In the Garden, Adam and Eve are told not to eat of the fruit of the tree of knowledge, or they will surely die. They chow down anyway.
This morning, it occurred to me that the first person to die in the Bible isn’t Adam or Eve. You’d figure, just offhand, that since they were the ones who ate the fruit, they’d be the ones who paid the price first, except they aren’t. The first person is their son Abel.
And it’s worse than that: he’s murdered by Cain. By his brother. Their other son.
In one afternoon, they effectively lost both their sons: one to death and the other to shame and escape. And if you think about it, isn’t that exactly how God lost them, both the first humans He created…? In one afternoon, He lost them both to disobedience (and the death they’d die in the future) and to their own shame as they hid from him.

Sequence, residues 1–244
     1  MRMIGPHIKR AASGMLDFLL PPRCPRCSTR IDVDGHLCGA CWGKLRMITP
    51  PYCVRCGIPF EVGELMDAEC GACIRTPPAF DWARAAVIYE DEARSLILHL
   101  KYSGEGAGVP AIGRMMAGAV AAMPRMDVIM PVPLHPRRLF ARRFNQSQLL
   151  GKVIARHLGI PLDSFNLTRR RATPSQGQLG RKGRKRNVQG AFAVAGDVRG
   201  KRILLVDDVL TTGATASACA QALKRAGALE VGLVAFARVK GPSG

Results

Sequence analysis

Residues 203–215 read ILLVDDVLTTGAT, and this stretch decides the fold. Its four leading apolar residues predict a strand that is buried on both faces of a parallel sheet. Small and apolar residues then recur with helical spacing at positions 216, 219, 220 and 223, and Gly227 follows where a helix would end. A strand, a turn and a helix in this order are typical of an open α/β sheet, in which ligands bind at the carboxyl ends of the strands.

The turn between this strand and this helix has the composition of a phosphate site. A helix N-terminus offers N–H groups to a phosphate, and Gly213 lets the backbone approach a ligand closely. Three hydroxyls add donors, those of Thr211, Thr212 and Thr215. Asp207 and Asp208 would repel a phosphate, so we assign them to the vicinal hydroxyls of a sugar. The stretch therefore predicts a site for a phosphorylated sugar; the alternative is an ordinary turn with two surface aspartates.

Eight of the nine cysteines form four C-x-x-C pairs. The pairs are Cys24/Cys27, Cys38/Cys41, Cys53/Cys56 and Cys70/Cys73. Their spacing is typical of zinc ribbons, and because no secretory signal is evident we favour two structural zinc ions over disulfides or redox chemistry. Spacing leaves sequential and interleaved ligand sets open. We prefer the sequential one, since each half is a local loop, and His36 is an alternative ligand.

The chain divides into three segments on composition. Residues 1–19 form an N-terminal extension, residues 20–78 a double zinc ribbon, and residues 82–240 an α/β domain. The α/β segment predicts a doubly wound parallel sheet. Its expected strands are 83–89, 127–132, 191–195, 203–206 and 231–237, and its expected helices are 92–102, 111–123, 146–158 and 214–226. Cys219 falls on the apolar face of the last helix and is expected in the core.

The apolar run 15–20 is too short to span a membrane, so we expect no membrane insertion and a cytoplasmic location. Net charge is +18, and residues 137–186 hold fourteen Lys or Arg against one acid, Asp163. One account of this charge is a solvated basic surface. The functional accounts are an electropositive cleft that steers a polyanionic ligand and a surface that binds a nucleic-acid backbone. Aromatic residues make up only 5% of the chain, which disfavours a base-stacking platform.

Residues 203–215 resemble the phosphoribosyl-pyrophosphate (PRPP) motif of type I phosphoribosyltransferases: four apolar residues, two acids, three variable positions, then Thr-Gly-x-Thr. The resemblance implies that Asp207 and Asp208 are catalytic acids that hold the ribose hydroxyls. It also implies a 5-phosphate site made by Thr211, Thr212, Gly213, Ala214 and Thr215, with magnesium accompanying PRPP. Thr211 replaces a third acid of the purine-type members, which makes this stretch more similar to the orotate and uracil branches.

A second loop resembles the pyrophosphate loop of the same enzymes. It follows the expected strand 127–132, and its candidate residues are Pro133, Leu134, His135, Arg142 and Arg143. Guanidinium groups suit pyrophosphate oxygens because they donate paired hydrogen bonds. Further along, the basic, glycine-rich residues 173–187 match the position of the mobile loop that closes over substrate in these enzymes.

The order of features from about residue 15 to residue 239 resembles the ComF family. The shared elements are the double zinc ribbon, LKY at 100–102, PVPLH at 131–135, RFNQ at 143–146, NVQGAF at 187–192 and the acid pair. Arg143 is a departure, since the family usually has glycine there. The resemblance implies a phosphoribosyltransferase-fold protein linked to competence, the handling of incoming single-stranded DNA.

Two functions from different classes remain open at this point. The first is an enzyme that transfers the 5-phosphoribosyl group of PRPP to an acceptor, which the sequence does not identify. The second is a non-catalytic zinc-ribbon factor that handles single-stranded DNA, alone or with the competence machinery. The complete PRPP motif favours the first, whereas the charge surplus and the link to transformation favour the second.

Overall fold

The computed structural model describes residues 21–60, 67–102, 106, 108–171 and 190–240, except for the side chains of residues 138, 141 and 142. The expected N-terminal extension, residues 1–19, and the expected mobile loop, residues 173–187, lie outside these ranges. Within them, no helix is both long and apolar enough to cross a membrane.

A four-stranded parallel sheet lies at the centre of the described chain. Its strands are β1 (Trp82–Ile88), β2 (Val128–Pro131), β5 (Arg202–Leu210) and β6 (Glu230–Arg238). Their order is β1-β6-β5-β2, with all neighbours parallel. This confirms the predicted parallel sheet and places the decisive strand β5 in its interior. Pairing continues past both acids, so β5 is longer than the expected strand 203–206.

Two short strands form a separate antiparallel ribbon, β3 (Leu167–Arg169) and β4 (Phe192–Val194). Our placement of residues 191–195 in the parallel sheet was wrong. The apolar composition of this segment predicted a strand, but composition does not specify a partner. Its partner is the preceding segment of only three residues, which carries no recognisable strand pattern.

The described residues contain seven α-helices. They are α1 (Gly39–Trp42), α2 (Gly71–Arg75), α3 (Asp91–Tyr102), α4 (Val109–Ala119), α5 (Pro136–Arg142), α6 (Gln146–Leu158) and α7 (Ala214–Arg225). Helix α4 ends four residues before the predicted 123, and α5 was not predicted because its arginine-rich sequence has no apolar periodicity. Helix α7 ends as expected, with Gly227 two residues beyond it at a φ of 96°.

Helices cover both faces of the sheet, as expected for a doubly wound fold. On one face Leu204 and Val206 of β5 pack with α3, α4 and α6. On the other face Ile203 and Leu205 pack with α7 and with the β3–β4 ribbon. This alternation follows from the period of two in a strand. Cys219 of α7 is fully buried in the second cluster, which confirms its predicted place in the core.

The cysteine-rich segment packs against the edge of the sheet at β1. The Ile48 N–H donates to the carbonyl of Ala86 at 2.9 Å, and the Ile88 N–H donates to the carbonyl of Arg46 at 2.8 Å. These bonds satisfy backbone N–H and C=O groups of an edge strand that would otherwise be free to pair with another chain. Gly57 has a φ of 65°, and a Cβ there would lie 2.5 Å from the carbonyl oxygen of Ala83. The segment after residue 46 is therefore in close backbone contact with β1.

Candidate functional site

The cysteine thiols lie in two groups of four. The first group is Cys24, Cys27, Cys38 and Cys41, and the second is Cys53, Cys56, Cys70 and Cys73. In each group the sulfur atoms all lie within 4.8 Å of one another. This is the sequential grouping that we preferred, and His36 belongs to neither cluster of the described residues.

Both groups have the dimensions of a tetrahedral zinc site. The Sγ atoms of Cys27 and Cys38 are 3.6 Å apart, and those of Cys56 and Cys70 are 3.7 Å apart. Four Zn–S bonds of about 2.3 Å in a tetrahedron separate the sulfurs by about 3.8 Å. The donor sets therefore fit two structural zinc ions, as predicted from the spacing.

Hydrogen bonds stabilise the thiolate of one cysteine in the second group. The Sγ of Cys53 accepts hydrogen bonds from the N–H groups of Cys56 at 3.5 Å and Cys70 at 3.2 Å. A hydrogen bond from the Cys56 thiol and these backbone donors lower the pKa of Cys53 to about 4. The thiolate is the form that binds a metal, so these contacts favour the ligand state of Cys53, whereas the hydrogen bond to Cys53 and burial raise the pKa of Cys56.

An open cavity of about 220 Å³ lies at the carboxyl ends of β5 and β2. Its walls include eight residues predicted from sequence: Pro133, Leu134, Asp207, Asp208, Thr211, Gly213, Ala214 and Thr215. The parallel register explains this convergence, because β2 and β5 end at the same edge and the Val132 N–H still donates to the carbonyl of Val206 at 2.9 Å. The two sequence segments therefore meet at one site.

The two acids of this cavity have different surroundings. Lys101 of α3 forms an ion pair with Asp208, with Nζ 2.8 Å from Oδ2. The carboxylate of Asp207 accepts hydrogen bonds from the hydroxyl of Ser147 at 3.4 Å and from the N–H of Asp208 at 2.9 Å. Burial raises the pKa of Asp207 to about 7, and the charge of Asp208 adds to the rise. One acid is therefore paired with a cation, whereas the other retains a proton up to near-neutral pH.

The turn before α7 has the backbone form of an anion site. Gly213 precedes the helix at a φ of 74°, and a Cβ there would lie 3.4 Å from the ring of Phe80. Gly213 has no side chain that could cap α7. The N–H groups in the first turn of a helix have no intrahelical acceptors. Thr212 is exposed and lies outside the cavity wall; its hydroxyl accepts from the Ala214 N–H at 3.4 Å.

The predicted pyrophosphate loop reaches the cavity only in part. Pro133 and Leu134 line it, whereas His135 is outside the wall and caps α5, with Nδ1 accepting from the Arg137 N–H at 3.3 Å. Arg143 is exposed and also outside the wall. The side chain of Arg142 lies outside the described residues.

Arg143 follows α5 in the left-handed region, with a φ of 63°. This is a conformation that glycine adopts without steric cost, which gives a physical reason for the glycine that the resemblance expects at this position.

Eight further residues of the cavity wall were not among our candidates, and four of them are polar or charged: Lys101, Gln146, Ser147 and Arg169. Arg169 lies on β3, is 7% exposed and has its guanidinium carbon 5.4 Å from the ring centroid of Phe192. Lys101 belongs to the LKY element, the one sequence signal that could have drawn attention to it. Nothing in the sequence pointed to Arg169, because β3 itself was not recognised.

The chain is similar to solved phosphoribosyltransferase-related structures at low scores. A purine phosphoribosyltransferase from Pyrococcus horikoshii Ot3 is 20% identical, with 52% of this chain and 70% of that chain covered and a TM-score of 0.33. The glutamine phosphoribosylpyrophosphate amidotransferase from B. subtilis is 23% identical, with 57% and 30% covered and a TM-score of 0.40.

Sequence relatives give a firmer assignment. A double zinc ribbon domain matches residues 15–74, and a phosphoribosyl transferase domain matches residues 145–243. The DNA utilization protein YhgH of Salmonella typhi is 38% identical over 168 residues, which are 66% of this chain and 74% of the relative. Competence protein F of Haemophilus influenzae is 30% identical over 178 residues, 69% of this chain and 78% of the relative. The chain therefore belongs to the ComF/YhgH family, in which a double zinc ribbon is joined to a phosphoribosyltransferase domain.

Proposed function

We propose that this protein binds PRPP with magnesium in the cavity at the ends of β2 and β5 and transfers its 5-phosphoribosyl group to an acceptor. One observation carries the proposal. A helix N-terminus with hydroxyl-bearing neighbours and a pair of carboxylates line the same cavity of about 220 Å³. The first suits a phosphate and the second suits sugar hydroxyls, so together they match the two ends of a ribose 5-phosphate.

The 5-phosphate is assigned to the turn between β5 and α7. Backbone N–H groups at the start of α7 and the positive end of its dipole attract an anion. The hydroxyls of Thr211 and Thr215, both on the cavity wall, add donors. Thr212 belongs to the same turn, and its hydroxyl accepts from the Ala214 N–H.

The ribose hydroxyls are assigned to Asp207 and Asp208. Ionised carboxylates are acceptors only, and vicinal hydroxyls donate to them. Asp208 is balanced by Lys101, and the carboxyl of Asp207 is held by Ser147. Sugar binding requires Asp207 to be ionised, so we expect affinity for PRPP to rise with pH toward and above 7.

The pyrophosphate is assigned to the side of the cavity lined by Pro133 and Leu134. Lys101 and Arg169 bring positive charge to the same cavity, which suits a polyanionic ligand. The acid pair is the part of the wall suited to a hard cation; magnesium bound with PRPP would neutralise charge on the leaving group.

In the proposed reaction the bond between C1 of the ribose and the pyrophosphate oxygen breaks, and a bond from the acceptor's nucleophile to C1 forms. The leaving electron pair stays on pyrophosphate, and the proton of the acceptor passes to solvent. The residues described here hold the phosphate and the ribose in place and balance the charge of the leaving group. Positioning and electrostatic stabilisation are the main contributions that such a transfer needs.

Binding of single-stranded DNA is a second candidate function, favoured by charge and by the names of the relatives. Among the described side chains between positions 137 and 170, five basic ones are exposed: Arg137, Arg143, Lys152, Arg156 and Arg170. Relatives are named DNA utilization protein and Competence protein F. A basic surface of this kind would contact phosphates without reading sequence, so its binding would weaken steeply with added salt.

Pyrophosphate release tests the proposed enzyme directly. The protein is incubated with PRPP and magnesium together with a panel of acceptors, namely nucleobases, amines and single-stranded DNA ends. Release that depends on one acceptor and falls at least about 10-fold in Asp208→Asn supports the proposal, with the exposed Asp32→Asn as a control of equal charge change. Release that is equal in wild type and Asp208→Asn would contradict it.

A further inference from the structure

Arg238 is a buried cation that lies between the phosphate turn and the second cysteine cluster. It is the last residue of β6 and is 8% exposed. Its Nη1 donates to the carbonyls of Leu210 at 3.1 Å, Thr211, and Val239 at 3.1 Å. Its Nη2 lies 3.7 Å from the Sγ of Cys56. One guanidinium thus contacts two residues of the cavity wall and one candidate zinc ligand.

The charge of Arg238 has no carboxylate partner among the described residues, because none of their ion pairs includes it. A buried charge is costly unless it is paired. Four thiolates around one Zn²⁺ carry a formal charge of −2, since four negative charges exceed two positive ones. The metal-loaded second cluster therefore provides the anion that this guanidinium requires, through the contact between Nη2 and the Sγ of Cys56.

As a bereaved parent myself, I can tell you it would be easier to be the one dead than the one grieving your own child. I’ve participated in and moderated an infant loss forum for several years now, and I cannot tell you how many times I’ve heard bereaved mothers say “I wish I could trade places with my baby.”
The murder of Abel must have made the reality of death hit home for both Adam and Eve in a way that their own deaths wouldn’t have managed to. They probably thought, “I would have deserved it, but he didn’t!”
They’d have seen the world go from vegetarian to carnivorous. We suppose they went from climbing trees as they harvested fruit for the lions’ lunch to climbing trees to avoid being the lions’ lunch. They’d probably witnessed small animals snapped up by larger ones, dead animals, dead insects, beautiful things rendered still and then decomposing back into the ground.
Then they saw it happen to their son. At the hands of their other son, the one who should have been a comfort to them at that time when they needed to grieve.
A fate far, far worse than death to themselves.